'Old school versus new school:' The battle over who will run the California Democratic Party
A pivotal election is underway in California that could push this Democratic stronghold even further left and recalibrate the direction of arguably the most influential state political party in the nation.
Staunchly liberal and pro-union, the top two contenders for chair of the California Democratic Party offer a sharp contrast in style and strategy. Eric Bauman is a bullish, Bronx-born union organizer and the consummate party insider. Democratic organizer Kimberly Ellis is a provocative Bay Area progressive, embraced as the outsider by a wave of Bernie Sanders supporters leading an insurgency against the party establishment.
The race — and last year’s divisive Democratic presidential primary — have created a rift among the delegates who will choose a new chair as the state leans into its emerging role as the epicenter of liberal resistance to the nascent Trump administration.
Initially, Bauman’s bid for the post possessed an air of inevitability, fed by endorsements from most of California’s top Democrats and the political allegiances he’s forged since becoming Los Angeles County party chair in 2000 and a state party vice chair in 2009. But controversy surrounding Bauman’s ties to the pharmaceutical industry, in part, opened the door for Ellis.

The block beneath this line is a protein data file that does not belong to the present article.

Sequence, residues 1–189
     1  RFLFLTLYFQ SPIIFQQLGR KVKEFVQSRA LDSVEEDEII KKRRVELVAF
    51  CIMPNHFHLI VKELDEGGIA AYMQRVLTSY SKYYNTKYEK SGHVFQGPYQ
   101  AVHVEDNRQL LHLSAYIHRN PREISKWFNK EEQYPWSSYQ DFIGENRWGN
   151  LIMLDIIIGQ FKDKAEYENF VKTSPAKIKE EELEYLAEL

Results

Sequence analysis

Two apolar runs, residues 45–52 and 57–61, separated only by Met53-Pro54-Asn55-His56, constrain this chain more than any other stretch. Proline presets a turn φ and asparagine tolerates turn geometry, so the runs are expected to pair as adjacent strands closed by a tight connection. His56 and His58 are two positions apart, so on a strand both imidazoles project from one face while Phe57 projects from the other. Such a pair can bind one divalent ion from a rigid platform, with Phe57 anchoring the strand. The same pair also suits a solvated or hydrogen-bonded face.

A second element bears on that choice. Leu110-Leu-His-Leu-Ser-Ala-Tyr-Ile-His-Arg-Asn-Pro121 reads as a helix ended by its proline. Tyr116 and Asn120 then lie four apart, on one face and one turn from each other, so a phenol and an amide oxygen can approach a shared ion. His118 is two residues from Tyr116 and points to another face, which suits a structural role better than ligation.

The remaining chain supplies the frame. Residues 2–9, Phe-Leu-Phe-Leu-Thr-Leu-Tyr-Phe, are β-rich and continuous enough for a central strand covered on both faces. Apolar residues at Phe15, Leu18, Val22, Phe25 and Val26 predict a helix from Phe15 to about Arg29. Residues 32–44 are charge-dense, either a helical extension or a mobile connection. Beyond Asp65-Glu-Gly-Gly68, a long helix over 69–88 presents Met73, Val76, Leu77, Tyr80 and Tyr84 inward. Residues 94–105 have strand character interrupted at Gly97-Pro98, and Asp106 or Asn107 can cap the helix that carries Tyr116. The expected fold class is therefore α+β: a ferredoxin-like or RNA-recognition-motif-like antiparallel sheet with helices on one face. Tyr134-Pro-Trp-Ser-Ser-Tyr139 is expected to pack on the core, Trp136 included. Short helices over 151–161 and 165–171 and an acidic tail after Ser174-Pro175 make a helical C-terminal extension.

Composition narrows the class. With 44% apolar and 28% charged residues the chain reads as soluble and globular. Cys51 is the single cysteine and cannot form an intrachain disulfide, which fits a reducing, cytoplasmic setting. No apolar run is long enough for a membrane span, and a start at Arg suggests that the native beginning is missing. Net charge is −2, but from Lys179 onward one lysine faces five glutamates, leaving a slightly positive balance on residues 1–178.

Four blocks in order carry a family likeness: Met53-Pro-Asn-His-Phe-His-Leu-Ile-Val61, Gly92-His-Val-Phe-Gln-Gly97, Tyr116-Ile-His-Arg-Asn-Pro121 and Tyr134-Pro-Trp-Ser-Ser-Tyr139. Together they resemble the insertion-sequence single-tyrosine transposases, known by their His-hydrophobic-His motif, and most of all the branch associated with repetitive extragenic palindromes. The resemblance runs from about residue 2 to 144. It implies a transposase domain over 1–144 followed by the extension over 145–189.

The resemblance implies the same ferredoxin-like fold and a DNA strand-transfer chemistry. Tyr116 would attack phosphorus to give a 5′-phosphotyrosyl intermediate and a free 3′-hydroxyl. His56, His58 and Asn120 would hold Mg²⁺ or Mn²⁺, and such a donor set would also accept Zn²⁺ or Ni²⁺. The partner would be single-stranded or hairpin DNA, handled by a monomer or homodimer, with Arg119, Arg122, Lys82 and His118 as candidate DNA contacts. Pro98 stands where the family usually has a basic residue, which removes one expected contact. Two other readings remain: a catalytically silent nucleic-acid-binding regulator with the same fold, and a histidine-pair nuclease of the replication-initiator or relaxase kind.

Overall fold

Ellis is the former director of a nonprofit devoted to electing more women to office, and she would be the first woman of color to lead the state party. She has accused California’s top Democrats of being so beholden to special interests and corporate donors that they’ve lost sight of their liberal ideals — echoing Sanders’ populist bid for president.
“This is not an infomercial with a predetermined outcome,” said Christine Pelosi of San Francisco, chair of the party’s powerful Women’s Caucus and daughter of House Minority Leader Nancy Pelosi. “It’s hot because [of] new people, it’s hot because of Donald Trump, it’s hot because when you’re out of power, the political party means more. California is the... cash ATM of presidential politics and every presidential candidate will pass through the new chair’s office. It’s, as Joe Biden would say, a BFD.”